A quick take on the Terrell Owens situation
Published 12:00 am Tuesday, November 15, 2005
I make it a policy to not comment on national issues, mostly. But being that Terrell Owens and myself share the same home zip code, I feel I have a vested interest in this. I can truly say that I don’t like the guy and he gives our hometown a bad name with each and every statement, end zone dance and planned press conference he does.
The thing is, I have reasons for not liking him &045; not just for the fact that he’s a grade a jac &045; well you get the idea.
In the spring of 1999, I had the opportunity to meet Terrell and actually work out with him inside of the weight room at Benjamin Russell High School. Owens was someone I looked up to and actually liked because he had done it &045; he’d found a way out of Alex City.
Good on him. In my eyes and most of the people in town’s eyes, he was going into a perfect situation.
When Owens left the University of Tennessee at Chattanooga to sign with the San Fransisco 49ers, he had the opportunity of a lifetime – to learn from a group of class athletes the ropes of being a professional athlete.
Basically, he could have learned how to let his game-play speak volumes about him as an athlete. On the West Coast, he was surrounded by positive influence – Jerry Rice, Bill Walsh and then Steve Mariucci, Steve Young and other members of the franchise. He had the opportunity to learn how to be a gracious winner, how to be humble and how to be dignified on and off the field.
For the first year, he followed their lead.
Then Rice left to play elsewhere, making Terrell the go-to-guy for quarterback Jeff Garcia.
Owens, not used to having the spotlight shown on him, played to his potential and led the 49ers into the playoffs.
Things went downhill from there.
ESPN’s Skip Bayless recently said this about Owens: &8220;Beneath all of T.O.’s outrageous egomania still lurks a shy, late bloomer from Alexander City, Ala., who wasn’t heavily recruited out of high school and who went higher in the draft (third round) than most experts projected. Owens has never quite been comfortable with being the can’t-get-enough-of-him star he so badly wants to be.&8221;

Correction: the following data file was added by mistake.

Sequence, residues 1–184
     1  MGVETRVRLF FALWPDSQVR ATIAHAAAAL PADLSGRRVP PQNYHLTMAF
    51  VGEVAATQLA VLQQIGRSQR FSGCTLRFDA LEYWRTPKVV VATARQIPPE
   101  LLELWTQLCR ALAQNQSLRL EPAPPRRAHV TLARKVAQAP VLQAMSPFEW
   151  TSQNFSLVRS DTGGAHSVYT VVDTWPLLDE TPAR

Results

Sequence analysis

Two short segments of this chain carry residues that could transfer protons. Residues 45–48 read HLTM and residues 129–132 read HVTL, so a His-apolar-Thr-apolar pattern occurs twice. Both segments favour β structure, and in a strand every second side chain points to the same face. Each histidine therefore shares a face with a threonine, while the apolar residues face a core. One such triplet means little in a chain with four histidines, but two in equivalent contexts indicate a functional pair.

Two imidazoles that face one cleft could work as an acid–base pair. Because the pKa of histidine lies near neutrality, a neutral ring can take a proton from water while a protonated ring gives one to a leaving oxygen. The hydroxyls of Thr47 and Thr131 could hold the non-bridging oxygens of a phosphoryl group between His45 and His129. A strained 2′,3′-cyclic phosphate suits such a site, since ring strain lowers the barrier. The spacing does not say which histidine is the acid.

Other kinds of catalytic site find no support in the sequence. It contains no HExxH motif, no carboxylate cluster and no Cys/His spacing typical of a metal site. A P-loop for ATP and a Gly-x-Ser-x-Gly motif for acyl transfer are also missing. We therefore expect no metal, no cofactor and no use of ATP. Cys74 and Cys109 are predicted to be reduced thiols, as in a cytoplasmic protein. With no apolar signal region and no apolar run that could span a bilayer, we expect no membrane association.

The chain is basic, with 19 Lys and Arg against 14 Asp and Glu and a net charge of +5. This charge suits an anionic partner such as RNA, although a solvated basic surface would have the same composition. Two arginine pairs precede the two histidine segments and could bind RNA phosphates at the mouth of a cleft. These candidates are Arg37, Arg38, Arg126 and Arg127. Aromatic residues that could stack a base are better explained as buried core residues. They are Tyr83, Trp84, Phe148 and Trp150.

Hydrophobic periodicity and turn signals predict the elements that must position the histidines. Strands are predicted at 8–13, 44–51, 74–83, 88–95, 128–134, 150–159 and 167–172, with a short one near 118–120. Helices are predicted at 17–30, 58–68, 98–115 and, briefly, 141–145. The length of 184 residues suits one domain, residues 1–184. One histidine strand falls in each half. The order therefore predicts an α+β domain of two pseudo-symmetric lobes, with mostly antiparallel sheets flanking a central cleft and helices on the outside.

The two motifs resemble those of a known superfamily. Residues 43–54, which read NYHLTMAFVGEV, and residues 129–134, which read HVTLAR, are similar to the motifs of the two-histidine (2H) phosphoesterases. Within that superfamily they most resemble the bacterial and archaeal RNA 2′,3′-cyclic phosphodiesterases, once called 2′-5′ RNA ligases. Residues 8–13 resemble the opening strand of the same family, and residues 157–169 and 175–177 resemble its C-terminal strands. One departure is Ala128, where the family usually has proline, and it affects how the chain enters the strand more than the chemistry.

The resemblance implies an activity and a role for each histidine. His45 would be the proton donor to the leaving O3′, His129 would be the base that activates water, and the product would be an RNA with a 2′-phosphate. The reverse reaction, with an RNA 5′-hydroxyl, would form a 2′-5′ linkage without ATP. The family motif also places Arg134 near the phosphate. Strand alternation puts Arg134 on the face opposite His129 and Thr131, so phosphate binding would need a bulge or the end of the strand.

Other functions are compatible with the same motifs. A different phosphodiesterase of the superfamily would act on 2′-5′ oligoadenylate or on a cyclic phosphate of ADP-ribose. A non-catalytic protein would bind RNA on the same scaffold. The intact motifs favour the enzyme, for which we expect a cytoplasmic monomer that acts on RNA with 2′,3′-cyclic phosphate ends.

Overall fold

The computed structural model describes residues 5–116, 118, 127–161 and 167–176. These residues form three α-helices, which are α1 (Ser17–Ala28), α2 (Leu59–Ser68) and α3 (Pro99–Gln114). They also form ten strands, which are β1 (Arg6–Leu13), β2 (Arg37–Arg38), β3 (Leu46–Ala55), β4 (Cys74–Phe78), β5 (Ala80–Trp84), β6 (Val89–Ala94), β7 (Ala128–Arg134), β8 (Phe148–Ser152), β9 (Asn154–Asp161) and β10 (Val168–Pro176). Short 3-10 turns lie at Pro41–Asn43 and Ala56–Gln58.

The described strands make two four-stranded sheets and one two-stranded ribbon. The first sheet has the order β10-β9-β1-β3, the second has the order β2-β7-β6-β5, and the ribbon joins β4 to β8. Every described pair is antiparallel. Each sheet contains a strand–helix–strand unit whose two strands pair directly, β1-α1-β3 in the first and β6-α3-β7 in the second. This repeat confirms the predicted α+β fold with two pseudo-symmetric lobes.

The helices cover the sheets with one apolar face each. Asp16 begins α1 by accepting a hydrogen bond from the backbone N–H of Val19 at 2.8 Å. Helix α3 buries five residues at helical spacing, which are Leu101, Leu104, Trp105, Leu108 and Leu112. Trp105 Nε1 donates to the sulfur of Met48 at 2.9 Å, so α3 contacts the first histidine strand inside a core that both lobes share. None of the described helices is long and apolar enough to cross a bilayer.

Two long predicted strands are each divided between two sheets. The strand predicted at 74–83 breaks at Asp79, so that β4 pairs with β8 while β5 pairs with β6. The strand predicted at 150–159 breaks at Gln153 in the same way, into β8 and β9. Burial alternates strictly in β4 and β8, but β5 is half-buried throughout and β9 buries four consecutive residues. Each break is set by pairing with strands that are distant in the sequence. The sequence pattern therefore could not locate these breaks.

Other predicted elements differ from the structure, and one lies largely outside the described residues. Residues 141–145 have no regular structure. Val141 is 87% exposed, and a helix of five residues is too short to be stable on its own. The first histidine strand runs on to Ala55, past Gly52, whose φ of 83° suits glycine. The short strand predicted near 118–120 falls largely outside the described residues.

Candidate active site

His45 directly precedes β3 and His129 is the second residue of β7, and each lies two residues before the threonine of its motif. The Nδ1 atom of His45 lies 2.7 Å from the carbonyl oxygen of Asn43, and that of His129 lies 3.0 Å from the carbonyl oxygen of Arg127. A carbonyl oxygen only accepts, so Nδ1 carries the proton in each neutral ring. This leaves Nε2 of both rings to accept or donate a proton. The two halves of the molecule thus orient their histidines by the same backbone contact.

The next season he began dropping passes. Instead of doing what it would take to make himself a better receiver, it was of course Garcia’s fault.
He continued to blame Garcia so much that the front office eventually allowed the signal-caller’s contract to expire and ship him off to be never heard from again, engineering the offense of the Cleveland Browns. Mariucci soon followed suit and departed the West Coast for the Motor City because it was his fault that the Sharpie-loving Owens wasn’t getting the ball thrown in his direction enough times a game.
When it became obvious that Owens’ wasn’t going to be happy in the cardinal and gold he began being shopped around. Baltimore took an interest in him, but the &8220;Superstar TO&8221; refused to go there, basically saying he wouldn’t play for anyone other the Eagles.
The Eagles signed him. And with his help, not taking anything away from the guy because he is a great athlete, the Eagles advanced to the Super Bowl.
Owens came back and played in the game after busting his ankle three weeks earlier.
The Eagles ended up losing the Super Bowl to the Patriots because – in Owens’ mind – of Donovan McNabb, the quarterback for the Philly squad.
All those things that I earlier said Owens could have learned from great teachers, forget it. That’s not what Owens did.
Over the course of his second year with the Eagles, he began taking jabs at McNabb eventually resulting in his getting sent home from training camp during the summer.
Now honestly, has anyone ever heard of a professional football player getting sent home from camp? That should have been a red flag to the former Wildcat.
Nope, it continued.
Recently, Owens signed with a new agent, Drew Rosenhaus, and began petitioning the Eagles to renegotiate his $48.4 million contract.
It took two straws falling on the already burdened camel’s back for the Eagles to finally wash their hands of the insecure wannabe from Tallapoosa County.
The first fell when he felt he needed recognition for his 100th touchdown catch.
That is a feat and I’m happy for the guy, but he’s in an organization that celebrates team success over the individual variety.
Maybe the insecure kid from Alex City should have taken note.
It took one statement in an interview to make the final straw fall. Owens said that with Brett Favre at the helm of the ship, the Eagles would have been 7-0 not 4-3.
Is this guy ever going to learn to keep his mouth shut? Is he completely overlooking the fact that the Eagles quarterback has an athletic hernia that will require surgery in the offseason?
Owens’ situation with the Eagles is one he’s put himself into, no ifs ands or buts about it.
He had the opportunity at the start of his career to follow in the footsteps of great athletes, coaches and administrators. He took that opportunity and did with it what he has possibly done with his career. Burned it.
TO, do you hear that?
It’s the sizzling of bridges over troubled waters that lead to other NFL franchises.
But hey, I hear the Canadian football league is hiring.
How up-to-date is your passport?
After the stunts you’ve pulled, and the people you have began to associate yourself with like Jessie Jackson – what NFL franchise is going to want you?
It’s that simple.